Author Topic: Corliss Flywheel  (Read 2183 times)

Offline vcutajar

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Corliss Flywheel
« on: July 31, 2014, 06:50:46 AM »
Hi guys, hope everything is well.

I have a question about my MEM Corliss flywheel.  I need to drill a hole for the grub screw to hold it to the crankshaft and as the flywheel is a one piece construction I can only drill for the grub screw at an angle which is going to be fun.

Instead of one grub screw I was thinking of putting in two grub screws.  One on each side of the hub and offset by 90 degrees.  Do you think that this is overkill and one grub screw should be enough?

Vince

Offline Jo

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Re: Corliss Flywheel
« Reply #1 on: July 31, 2014, 07:24:53 AM »
Have you thought of using a key ?

Jo
Usus est optimum magister

Offline pgp001

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Re: Corliss Flywheel
« Reply #2 on: July 31, 2014, 08:47:58 AM »
I agree with Jo.
When did you ever see a full size engine with a flywheel secured by a grub screw  :ThumbsDown:

OK for vee belt pulleys etc but not in keeping with a steam engine model, it makes me cringe when I see cross head screws etc on models.

Having said all that, you might be surprised to learn that the flywheel on Agnes is actually "located in position" using no less than eight grub screws which bear down onto the four flat keys.
These are buried in the middle of the flywheel hub and can only be accessed down the holes where the spokes fit, so will never be seen again once it is all assembled.

Phil

Offline vcutajar

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Re: Corliss Flywheel
« Reply #3 on: July 31, 2014, 09:24:56 AM »
Thanks Jo and Phil.

If I use grub screws they will eventually be hidden.  If I use a key, wouldn't the flywheel still be able to move sideways?

Vince

Offline pgp001

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Re: Corliss Flywheel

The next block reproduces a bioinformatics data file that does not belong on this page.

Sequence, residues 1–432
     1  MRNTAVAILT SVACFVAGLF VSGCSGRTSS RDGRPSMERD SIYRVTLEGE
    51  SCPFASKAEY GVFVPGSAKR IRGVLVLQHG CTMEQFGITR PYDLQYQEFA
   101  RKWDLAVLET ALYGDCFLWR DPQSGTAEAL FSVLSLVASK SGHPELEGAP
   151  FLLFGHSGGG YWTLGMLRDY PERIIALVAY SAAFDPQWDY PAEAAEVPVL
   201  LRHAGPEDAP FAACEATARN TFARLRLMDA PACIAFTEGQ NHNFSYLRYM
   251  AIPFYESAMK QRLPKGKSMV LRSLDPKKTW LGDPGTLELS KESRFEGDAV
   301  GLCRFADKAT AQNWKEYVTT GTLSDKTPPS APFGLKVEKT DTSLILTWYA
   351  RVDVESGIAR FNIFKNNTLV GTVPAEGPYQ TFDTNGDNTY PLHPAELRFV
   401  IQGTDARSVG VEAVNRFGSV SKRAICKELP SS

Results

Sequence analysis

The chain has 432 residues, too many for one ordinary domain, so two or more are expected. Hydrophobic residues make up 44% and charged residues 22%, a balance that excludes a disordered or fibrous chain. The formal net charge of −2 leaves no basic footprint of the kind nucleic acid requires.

« Reply #4 on: July 31, 2014, 01:11:37 PM »
Vince

This type of key is used for holding the flywheel on many old engine crankshafts, the taper locks the two together very efficiently, and would look a lot better than modern grub screws.
http://www.technifast.co.uk/documents/Page34GibHeadKeys.pdf

http://www.oldmarineengine.com/discus/messages/5/2215.gif

Google "Gib Key"

Phil

Offline Ian S C

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Re: Corliss Flywheel
« Reply #5 on: July 31, 2014, 02:54:47 PM »
When I rebuilt a Stuart Turner S9, I used a gib head key as the sole means of attaching the flywheel to the crankshaft.
On my hot air/Stirling Engines I fit the flywheels, and pulleys with two set screws at 90*, and these are usually brass screws so that they don't damage the shaft, they are done this way as the pulleys are changed often, and the flywheel is taken off when the motor is transported.  They are not scale motors, but motors in there selves, ranging from 3/8" bore, to 2 1/4" bore, and flywheels from 2" dia, to 6" dia, the heaviest around 900gm.  A bit OT I suppose, but that's me and flywheels.   Ian S C

Offline arnoldb

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Re: Corliss Flywheel
« Reply #6 on: July 31, 2014, 04:52:16 PM »
I used two M3 grub screws on my Corliss flywheel.  The holes aren't particularly noticeable.  As the flywheel is relatively large and heavy I went for two instead of just one for added security.  I made them either side of the flywheel hub, but in-line, so that tightening them up wouldn't slightly "twist" the flywheel and make it run with a wobble...

Kind regards, Arnold
Building an engine takes Patience, Planning, Preparation and Machining.
Procrastination is nearly the same, but it precludes machining.
Thus, an engine will only be built once the procrastination stops and the machining begins!

Offline vcutajar

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Re: Corliss Flywheel
« Reply #7 on: August 01, 2014, 04:53:38 AM »
Thanks guys.

Vince